The first proven treatments for often fatal intracerebral hemorrhage (bleeding strokes) are on the horizon, including a new drug called recombinant activated factor VII (FVIIa) that slows bleeding and limits brain damage, according to updated guidelines from the American Heart Association (AHA). The new drug is approved in the US to treat hemophilia patients.
The new AHA guidelines suggest that using the drug on intracerebral hemorrhage (ICH) patients within four hours of ICH onset may limit the amount of bleeding, reduce the risk of death, and improve survivors' functional outcome at 90 days.
ICH occurs when an artery in the brain bursts and floods the surrounding tissue with blood. Of the more than 60,000 people who have an ICH each year in the US, 35% to 52% die within a month and only 20% are expected to be functionally independent six months after the ICH.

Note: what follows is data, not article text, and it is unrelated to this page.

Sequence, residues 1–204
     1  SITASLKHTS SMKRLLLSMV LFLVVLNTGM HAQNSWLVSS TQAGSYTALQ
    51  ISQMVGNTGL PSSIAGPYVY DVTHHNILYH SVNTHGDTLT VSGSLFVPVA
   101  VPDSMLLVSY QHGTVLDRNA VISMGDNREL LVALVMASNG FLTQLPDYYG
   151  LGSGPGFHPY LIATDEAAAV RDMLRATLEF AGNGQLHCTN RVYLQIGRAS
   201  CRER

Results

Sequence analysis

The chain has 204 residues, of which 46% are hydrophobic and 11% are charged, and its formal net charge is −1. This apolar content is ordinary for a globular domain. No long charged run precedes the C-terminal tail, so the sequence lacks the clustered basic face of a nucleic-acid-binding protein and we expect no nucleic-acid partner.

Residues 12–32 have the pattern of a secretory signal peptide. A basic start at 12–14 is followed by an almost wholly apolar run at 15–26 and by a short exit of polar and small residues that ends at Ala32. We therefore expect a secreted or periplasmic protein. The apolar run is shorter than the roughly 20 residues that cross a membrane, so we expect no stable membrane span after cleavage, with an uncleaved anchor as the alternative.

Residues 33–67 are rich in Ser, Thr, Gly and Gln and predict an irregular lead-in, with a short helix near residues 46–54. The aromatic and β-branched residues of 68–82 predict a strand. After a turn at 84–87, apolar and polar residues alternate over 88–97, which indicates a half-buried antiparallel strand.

The best way to prevent ICH is to avoid high blood pressure.
"We don't recommend routine surgical treatment of ICH, but people who have larger blood clots close to the surface of the brain may be an exception," said Dr. Joseph Broderick, chairman of the guideline writing committee and professor and chairman in the neurology department at the University of Cincinnati.
The guidelines do recommend surgery for patients with a larger ICH in the cerebellum that presses on the brain stem.
Broderick and colleagues also made recommendations about the use of medical imaging technology to diagnose ICH.
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